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Inhabitat's Week in Green: Fisker Karma gets a price cut, and more!

In other auto news, BMW will boost the i3's electric driving range to take on the Chevy Bolt.

Inhabitat
01.24.16 in Green
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Architects are constantly pushing boundaries to redefine what buildings can do. Baca Architects just unveiled the UK's first "amphibious house," which is able to rise up and float when floods strike. Designer Michael Weeks has developed a self-sufficient dome home called the Life Pod that can be transported virtually anywhere. In Kazakhstan, architects are proposing the world's first apartment building topped with a ski slope. And Franek Architects just unveiled a spiraling mountaintop walkway in Czech Republic that features a 330-foot slide.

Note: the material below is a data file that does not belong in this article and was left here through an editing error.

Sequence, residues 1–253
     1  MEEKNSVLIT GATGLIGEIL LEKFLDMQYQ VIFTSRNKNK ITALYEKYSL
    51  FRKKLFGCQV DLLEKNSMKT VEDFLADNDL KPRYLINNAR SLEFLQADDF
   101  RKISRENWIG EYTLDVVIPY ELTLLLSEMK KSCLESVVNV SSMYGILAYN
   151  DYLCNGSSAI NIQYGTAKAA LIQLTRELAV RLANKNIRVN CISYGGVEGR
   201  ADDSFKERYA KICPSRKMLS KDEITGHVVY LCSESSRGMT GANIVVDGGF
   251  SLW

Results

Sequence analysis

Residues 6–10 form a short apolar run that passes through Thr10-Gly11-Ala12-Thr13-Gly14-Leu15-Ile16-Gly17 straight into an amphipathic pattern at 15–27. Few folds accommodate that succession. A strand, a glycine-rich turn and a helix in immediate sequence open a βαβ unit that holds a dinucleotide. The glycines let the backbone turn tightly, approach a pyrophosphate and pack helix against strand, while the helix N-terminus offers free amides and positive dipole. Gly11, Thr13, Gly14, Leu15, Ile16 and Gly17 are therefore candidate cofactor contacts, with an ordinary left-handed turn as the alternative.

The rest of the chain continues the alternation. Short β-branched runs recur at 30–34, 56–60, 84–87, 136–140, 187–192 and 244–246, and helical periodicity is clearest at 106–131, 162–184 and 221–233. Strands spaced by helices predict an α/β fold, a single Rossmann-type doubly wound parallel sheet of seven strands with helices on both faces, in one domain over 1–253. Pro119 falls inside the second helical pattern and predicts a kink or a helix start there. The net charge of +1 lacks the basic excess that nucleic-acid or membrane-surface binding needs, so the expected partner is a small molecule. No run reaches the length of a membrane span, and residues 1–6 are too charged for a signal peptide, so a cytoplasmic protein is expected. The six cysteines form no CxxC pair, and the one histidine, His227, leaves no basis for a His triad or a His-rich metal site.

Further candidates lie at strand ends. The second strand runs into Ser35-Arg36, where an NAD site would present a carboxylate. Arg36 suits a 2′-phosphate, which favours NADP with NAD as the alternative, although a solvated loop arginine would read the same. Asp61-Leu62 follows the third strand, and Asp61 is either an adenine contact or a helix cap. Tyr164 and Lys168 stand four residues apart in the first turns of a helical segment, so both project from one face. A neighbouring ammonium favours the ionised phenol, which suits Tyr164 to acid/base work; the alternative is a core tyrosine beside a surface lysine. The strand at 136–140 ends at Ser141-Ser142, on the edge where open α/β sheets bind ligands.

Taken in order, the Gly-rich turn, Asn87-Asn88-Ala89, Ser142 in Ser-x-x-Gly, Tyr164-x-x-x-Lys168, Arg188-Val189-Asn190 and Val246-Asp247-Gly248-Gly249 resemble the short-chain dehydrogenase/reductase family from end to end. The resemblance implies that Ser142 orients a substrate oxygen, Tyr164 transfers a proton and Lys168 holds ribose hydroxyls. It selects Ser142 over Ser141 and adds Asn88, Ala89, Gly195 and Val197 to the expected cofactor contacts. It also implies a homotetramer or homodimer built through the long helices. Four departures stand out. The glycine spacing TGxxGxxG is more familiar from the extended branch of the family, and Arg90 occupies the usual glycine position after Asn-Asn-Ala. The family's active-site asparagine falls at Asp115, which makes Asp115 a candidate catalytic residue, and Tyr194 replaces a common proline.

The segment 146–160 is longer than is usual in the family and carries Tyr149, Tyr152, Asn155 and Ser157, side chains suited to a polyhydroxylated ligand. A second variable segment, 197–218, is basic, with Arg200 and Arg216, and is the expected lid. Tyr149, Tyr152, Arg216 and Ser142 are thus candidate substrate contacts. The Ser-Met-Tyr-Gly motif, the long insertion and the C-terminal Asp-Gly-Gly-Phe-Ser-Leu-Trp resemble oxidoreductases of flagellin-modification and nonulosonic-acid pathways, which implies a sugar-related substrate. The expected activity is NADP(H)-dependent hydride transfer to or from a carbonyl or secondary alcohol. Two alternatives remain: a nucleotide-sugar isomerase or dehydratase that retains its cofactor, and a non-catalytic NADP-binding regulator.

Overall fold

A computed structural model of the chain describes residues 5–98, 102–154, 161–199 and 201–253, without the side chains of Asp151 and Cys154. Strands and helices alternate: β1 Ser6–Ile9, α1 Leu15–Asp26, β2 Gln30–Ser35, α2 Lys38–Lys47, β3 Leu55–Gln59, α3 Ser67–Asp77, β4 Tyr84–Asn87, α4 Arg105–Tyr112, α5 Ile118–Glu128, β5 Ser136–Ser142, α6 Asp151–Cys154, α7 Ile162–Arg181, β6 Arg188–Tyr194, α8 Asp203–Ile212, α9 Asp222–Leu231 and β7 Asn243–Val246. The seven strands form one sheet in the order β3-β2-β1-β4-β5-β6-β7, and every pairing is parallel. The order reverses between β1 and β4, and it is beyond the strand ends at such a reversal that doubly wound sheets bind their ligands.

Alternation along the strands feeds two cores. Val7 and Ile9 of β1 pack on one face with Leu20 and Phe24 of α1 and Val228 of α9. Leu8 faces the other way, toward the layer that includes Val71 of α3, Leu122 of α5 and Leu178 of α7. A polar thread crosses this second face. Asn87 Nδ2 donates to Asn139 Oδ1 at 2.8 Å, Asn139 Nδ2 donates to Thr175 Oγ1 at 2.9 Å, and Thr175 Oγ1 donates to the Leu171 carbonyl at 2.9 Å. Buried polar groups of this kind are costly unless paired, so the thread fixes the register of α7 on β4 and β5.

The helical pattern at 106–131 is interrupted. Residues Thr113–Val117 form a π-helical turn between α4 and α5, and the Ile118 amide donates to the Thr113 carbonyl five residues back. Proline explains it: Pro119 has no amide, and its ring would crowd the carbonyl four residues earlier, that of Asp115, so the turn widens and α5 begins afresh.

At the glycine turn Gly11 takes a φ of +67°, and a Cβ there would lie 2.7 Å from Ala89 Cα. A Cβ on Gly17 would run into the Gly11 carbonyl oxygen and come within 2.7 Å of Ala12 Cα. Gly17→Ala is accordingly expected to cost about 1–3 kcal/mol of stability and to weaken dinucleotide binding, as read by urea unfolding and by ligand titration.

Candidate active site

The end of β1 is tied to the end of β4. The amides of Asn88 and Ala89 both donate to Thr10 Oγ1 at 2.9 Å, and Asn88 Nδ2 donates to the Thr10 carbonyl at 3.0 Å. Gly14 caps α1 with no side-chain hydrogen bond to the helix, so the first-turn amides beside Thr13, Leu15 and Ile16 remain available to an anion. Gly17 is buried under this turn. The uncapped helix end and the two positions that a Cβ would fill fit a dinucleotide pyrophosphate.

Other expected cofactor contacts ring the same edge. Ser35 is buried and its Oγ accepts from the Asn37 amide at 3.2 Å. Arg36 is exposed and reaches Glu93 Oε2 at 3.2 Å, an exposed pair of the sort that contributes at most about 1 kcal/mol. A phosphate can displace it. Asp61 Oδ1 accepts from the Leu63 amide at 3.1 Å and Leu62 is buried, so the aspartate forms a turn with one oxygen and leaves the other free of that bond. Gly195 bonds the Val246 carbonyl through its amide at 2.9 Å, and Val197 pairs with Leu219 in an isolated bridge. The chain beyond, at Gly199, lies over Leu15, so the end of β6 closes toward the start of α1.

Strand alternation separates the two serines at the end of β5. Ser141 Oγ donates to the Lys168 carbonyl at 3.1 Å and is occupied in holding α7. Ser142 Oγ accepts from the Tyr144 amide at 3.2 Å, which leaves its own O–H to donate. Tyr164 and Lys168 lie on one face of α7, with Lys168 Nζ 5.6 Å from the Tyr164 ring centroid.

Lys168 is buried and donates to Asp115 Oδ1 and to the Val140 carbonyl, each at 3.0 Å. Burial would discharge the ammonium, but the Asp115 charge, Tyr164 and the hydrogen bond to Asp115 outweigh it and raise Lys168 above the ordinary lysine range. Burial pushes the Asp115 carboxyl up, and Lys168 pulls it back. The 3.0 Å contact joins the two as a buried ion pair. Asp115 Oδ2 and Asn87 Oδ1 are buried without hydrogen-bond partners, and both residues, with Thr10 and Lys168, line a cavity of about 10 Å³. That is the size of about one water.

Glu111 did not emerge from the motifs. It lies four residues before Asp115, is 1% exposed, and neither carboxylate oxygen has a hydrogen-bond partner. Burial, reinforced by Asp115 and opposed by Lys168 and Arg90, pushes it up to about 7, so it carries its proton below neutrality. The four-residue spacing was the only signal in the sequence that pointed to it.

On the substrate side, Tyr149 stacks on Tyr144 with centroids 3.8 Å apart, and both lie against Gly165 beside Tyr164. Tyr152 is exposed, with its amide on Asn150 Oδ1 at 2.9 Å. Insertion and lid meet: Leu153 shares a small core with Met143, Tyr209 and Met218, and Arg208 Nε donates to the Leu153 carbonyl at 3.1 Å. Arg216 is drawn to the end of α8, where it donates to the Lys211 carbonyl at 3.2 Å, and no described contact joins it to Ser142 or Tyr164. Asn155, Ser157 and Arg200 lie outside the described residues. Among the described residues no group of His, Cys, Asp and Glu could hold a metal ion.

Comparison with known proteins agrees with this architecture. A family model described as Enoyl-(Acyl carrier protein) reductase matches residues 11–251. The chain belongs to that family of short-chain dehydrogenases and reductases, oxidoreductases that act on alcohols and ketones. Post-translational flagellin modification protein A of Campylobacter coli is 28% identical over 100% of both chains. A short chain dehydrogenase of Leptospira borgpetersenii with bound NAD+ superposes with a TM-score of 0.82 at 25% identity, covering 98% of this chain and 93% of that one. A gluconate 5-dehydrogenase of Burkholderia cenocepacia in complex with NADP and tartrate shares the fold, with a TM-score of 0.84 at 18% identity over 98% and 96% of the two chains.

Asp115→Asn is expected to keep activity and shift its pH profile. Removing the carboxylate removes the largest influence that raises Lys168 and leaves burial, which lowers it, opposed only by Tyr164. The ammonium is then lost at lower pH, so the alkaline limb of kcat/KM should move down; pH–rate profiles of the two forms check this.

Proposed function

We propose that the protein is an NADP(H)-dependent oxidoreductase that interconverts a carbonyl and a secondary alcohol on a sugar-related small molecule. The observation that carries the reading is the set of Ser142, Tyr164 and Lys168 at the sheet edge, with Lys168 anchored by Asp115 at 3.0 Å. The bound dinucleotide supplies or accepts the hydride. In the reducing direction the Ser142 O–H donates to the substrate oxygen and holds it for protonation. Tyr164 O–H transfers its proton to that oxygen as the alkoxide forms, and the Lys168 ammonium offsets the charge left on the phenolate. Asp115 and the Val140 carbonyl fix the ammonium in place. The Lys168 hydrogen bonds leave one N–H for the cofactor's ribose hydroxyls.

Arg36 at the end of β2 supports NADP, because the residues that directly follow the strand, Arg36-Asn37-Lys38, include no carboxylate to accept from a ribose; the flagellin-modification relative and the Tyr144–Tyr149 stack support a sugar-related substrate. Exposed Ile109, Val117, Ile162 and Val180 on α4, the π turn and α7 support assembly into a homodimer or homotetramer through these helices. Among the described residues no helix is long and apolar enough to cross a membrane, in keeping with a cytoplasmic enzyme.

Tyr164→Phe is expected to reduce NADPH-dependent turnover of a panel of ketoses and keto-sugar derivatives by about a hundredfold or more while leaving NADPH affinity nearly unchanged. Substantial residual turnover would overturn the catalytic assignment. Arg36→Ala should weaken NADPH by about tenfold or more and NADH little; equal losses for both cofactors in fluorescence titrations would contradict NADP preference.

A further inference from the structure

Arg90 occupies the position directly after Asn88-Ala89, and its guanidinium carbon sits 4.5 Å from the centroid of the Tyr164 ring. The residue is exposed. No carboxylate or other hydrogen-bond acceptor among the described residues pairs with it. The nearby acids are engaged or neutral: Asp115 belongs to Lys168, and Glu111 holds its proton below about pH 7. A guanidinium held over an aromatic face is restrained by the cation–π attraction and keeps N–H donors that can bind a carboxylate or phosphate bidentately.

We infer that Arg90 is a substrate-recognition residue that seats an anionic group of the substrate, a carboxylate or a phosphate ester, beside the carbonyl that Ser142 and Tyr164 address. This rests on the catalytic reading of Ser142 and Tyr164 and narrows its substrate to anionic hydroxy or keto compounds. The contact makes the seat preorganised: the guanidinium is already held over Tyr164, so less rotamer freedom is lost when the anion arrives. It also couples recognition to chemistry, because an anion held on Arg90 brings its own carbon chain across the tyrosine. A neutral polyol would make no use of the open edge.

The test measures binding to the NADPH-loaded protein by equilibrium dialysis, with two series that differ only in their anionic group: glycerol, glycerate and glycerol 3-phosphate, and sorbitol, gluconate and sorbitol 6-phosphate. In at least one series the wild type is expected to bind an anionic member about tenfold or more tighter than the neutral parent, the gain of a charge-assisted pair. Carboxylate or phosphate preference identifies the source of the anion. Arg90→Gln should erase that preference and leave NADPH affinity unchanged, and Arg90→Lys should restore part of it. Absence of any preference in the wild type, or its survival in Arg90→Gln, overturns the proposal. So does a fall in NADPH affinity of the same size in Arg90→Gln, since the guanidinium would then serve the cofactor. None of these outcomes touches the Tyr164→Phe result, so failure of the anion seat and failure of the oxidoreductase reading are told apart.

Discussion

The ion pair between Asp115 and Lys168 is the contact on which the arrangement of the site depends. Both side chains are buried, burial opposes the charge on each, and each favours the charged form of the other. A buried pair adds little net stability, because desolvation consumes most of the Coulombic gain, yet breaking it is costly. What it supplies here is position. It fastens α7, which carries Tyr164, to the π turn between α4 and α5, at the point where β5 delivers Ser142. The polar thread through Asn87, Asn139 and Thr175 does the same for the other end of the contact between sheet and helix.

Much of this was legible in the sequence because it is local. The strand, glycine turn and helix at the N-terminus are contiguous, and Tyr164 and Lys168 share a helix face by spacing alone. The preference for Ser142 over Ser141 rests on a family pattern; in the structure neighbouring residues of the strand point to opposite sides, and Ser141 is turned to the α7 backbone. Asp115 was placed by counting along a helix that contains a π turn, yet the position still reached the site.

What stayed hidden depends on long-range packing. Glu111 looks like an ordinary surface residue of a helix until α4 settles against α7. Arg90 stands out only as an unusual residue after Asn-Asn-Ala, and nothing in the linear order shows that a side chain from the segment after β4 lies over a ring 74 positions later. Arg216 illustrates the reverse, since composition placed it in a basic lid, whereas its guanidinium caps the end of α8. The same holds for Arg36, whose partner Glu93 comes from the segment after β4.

When it comes to cars, the latest and greatest vehicles get most of the attention, but there's plenty of older autos worth a second look. Case in point: You can now buy a Fisker Karma at half of its original price -- and the plug-in electric supercar still shines years after its initial release. In other transportation news, BMW announced plans to boost the i3's electric driving range by 50 percent to help compete against the Chevy Bolt. And researchers developed an innovative hydrogen fuel nano reactor that could make fuel cell cars much cheaper.


If you still haven't recovered from the fact that Pluto is no longer a planet, take heart: Astronomers believe they've found a new ninth planet in our solar system. "Planet X" is believed to exist in the far reaches of space where it circles the sun once ever 15,000 years. Meanwhile, a group of Belgian astronomers payed tribute to David Bowie by outlining a new constellation in the shape of a lightning bolt. Here on earth, Denmark has broken a renewable energy record by using wind turbines to produce 42.1 percent of its energy. We also showcased several clever pollution-fighting designs: a magnetic wand that cleans up oil spills like magic, and a plant backpack that provides you with fresh air wherever you are. And if it's freezing in your neck of the woods, you'll be glad to know that researchers are working on clothes that convert solar energy into heat.

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